Jewish Teachings on the Environment (Part 1)
by Richard Schwartz
With Earth Day approaching (April 22), it is a good time to consider some of Judaism’s powerful teachings on the environment.
Some people argue that humankind has been given a license to exploit the earth and its creatures, because God gave us “dominion over the fish of the sea, and over the fowl of the air, and over every living thing that creeps upon the earth” (Genesis 1:28). However, the Talmudic sages interpret that dominion as one of guardianship or stewardship, serving as co-workers with God in caring for and improving the world, and not as a right to conquer and exploit animals and the earth (Shabbat 10a; Sanhedrin 7).The fact that people’s dominion over animals is a limited one is indicated by God’s first (completely vegan) dietary regime (Genesis 1:29), and also the statement in Genesis 2:15 that humans are to till the earth and guard it, which grants us responsibility for the land and all the creatures on it.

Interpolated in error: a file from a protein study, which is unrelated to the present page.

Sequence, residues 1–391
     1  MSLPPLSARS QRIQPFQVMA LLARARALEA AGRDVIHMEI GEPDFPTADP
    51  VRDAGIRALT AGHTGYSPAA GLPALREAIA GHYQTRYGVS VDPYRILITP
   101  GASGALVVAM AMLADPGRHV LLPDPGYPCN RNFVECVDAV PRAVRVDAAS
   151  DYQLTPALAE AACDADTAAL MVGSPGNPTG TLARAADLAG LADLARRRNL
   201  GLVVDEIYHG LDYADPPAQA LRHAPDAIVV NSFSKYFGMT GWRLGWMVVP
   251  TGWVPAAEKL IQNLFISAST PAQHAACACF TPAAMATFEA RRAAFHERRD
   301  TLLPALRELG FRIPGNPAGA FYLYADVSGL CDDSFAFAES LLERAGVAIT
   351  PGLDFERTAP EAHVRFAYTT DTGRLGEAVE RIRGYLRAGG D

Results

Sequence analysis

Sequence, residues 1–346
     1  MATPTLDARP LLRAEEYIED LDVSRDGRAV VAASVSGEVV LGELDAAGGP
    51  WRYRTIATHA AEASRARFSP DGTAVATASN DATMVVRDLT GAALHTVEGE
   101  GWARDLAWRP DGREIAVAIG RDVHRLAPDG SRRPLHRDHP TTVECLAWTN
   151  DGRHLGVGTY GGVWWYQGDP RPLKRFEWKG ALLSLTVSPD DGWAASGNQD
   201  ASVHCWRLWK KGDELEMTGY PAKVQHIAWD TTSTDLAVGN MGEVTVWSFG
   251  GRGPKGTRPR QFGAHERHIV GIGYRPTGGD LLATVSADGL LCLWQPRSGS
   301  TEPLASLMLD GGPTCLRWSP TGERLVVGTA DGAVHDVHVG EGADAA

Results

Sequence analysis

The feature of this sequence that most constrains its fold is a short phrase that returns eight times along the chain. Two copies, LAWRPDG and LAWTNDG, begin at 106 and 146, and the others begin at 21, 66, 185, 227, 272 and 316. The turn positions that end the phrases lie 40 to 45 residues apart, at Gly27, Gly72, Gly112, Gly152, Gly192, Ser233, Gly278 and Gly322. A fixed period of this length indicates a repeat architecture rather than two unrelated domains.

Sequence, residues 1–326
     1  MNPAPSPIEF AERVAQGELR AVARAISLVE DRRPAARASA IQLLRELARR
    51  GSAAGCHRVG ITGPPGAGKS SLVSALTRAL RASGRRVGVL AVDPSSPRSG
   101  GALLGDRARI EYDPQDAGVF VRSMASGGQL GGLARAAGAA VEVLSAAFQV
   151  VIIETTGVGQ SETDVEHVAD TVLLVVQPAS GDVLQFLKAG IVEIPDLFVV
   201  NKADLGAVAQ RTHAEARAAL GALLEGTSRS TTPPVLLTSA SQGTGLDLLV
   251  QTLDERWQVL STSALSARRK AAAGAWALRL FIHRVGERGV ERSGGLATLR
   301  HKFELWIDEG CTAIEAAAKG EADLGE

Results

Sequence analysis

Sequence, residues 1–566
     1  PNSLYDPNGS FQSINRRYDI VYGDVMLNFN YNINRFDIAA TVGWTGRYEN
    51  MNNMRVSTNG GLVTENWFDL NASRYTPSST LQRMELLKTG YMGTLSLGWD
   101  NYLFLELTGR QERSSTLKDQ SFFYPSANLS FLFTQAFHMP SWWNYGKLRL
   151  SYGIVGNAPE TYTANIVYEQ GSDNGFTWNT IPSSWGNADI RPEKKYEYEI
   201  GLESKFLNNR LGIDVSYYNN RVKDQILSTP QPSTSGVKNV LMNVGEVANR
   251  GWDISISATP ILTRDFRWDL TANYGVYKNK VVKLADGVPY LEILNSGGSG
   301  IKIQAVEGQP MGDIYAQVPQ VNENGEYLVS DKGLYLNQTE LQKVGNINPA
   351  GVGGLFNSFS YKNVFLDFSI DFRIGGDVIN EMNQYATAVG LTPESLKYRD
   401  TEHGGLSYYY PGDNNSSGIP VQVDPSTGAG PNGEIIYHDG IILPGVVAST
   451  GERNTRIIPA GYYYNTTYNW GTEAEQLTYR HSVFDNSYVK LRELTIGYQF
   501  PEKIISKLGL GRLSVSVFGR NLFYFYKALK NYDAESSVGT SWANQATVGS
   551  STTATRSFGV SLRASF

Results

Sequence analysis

Jews Are to Be Co-workers With God in Preserving the Environment. The Talmudic sages assert that the assigned role of the Jewish people is to enhance the world as partners of God in the work of creation. [Shabbat 10a; Sanhedrin 7] The following verses from Psalms reinforces this concept:
When I look at your heavens, the work of your hands,
The moon and work that you have established,
What is man that You are mindful of him, and the son of man that You do care for him?
Yet you have made him little less than God, and do crown him with glory and honor.
You have given him dominion over the works of Your hands;